I say predominantly and ultimately because there certainly are left wing elements in Animal Farm. It is important to recognise and specify these partly because the right wing appropriation of the book has resulted in these often being overlooked and partly to understand how and why they are effaced in the overall effect.
The most important left element is Old Major’s passionate denunciation in the opening chapter of the brutal exploitation and oppression of animals under the rule of Man. This is intended to parallel Marx’s critique of capitalism and of the exploitation of the working class by the bourgeoisie. The key point is that Orwell clearly endorses this critique and invites the reader to identify with it. 
’The life of an animal is misery and slavery: that is the plain truth ... Why then do we continue in this miserable condition? Because nearly the whole produce of our labour is stolen from us by human beings,’ says Old Major, and Orwell obviously agrees. The animals’ rebellion, i.e. the workers’ revolution, and the defence of their revolution in the Battle of the Cowshed are depicted as entirely justifiable and their aspirations for prosperity, peace, comradeship and equality as noble and desirable. Orwell’s indictment of the regime established by Napoleon and the pigs is that it is indistinguishable in its tyranny and oppressiveness from the rule of Man in general and Mr Jones in particular. Throughout the book no human (i.e. bourgeois) appears as anything other than an exploiter.
Animal Farm also contains a neat little satire on the role of religion in the character of Moses, the tame raven, who is ‘a spy and a tale bearer’ but also a clever talker who tells the animals about ‘Sugarcandy Mountain’ to which all animals are supposed to go when they die. Moses is driven out in the Rebellion but is later allowed to return by me pigs who use him for the same purposes he was used for by Mr Jones, and many of the animals revert to their belief in his stories of Sugarcandy Mountain. ‘Their lives now, they reasoned, were hungry and laborious; was it not right and just that a better world should exist somewhere else?’  Here Orwell is clearly making use of a simplified version of the Marxist analysis of religion.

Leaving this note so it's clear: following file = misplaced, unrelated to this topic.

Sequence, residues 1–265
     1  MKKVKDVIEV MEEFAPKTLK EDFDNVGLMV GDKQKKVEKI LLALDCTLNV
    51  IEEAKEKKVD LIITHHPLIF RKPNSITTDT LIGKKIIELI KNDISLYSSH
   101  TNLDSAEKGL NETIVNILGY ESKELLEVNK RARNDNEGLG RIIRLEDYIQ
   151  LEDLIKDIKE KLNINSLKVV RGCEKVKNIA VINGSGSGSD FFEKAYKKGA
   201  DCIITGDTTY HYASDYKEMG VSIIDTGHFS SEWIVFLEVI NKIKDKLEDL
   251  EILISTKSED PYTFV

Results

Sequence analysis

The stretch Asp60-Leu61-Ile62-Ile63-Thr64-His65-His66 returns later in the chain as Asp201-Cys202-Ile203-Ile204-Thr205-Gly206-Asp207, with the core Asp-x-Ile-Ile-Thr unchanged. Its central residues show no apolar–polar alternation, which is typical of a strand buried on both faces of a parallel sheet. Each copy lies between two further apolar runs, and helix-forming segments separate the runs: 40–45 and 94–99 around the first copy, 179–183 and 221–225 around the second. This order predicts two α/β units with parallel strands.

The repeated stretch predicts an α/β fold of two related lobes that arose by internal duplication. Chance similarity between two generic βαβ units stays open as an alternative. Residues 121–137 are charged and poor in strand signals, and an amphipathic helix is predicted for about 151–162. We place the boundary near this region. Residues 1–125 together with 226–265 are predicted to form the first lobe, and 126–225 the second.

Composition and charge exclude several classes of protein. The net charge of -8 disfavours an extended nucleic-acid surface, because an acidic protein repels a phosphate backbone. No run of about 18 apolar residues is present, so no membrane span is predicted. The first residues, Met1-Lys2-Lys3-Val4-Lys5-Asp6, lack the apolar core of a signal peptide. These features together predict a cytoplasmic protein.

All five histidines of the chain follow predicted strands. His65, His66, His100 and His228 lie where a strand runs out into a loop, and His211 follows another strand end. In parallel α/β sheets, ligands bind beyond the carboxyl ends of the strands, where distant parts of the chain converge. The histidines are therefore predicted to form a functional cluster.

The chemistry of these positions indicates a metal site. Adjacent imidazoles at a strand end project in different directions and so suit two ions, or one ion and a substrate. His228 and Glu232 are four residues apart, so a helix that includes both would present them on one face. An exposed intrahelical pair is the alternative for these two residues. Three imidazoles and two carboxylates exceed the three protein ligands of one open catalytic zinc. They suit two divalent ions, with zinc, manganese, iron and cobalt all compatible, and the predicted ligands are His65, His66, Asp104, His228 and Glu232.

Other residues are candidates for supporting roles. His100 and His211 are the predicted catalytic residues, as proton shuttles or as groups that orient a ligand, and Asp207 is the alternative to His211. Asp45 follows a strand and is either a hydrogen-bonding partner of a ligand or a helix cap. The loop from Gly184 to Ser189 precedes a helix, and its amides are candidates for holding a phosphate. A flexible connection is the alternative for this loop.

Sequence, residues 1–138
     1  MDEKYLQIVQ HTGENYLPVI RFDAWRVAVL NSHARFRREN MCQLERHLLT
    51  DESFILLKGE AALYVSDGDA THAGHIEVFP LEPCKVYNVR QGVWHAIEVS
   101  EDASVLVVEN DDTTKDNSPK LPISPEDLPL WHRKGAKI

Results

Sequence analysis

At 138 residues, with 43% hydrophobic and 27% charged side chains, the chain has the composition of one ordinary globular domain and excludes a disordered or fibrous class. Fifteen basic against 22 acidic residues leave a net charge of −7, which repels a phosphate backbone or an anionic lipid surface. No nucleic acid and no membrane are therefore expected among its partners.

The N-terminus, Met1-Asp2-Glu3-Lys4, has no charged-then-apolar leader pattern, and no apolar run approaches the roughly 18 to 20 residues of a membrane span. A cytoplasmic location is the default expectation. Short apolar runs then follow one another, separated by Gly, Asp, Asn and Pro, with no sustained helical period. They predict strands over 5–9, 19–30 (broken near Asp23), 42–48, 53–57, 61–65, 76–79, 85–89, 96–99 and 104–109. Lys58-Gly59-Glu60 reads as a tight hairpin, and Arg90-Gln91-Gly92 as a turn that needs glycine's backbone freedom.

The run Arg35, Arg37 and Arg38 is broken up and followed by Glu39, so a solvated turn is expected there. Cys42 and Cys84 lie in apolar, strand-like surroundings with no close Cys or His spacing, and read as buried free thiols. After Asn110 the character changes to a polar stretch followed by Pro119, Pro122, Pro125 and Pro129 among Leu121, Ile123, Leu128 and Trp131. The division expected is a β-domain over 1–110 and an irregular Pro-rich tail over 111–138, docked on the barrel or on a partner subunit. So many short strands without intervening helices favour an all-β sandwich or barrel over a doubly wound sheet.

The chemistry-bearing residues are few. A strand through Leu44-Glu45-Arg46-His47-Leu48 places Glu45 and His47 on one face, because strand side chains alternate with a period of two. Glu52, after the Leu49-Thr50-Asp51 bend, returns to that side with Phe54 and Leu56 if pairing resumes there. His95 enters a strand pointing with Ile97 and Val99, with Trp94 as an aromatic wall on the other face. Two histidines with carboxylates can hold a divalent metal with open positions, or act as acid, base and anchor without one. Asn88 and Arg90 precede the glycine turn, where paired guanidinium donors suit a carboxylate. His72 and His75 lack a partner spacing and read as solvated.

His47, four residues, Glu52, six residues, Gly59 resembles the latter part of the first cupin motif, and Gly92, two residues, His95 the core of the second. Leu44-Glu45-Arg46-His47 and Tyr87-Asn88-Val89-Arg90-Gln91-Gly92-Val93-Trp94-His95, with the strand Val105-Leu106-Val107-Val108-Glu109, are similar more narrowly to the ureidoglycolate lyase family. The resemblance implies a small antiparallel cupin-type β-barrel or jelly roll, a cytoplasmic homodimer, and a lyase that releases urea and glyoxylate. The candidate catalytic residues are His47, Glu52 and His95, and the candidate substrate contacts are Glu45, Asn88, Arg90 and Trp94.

A further critical and subversive feature of Animal Farm is the way it deals with the pigs’ justification for their privileges. The first breach in the principle of animal equality comes when, immediately after me Rebellion, the pigs lay claim to the milk and apples:
Squealer was sent to make the necessary explanation to the others.
’Comrades,’ he cried, ‘You do not imagine, I hope, that we pigs are doing this in a spirit of selfishness and privilege? Many of us actually dislike milk and apples, I dislike them myself. Our sole object in taking these things is to preserve our health. Milk and apples (this has been proved by Science, comrades) contains substances absolutely necessary to the well being of a pig. We pigs are brain workers. The whole management and organisation of this farm depend on us. Day and night we are watching over your welfare. It is for your sake that we drink that milk and eat those apples. 
Here Orwell presents Squealer’s argument as merely a clever piece of self serving hypocrisy, but in so doing he exposes not only the Stalinist justification for special shops for party members and so on, but also one of the central arguments used by our own bourgeoisie to justify its privileges. If it is false that ‘brain workers’ are morally entitled to more than manual workers then how is it to be justified that lawyers earn more than dustmen or managers more than miners?
It is therefore reasonable to point out to bourgeois admirers of Animal Farm that it depicts their system as ruthless exploitation, their class as cruel and incompetent tyrants, their religion as a fraud and their ideology as a swindle. Nevertheless we would deceive ourselves if we did not also recognise that the effects of this quite sharp social criticism are outweighed and negated by the fact that the book discredits socialism and indeed any attempt at radical transformation of this unhappy state of affairs. It is the analysis of precisely how it does this which reveals the deeply reactionary content of Animal Farm.
In the first place there is the fact that the allegory works on two levels. On the one hand a number of the characters and events in die story represent actual figures and episodes from Russian history, eg Snowball represents Trotsky, the Windmill debate represents the industrialisation debate of the 1920s, Napoleon’s deal with Frederick is the Hitler-Stalin pact and so on. On the other hand some characters and events are symbolic in a wider sense. Thus Mr Jones represents the bourgeoisie, or perhaps the ruling class in general, rather than the Tsar as such; Boxer represents ‘the ordinary decent worker’ in general rather than specifically the Russian working class; Clover, Mollie and the Sheep represent definite social types (or what Orwell imagines to be definite social types) and are not in the least specifically Russian. In this way Animal Farm is simultaneously an allegory of the Russian Revolution and of revolution in general. It therefore suggests, and the suggestion is built into the very structure of the book, that the fate of the Russian Revolution is the inevitable fate of all revolutions past and future. This idea is further reinforced by the setting of the story very definitely in England, which immediately carries the message that any revolution in England is destined to end the same way.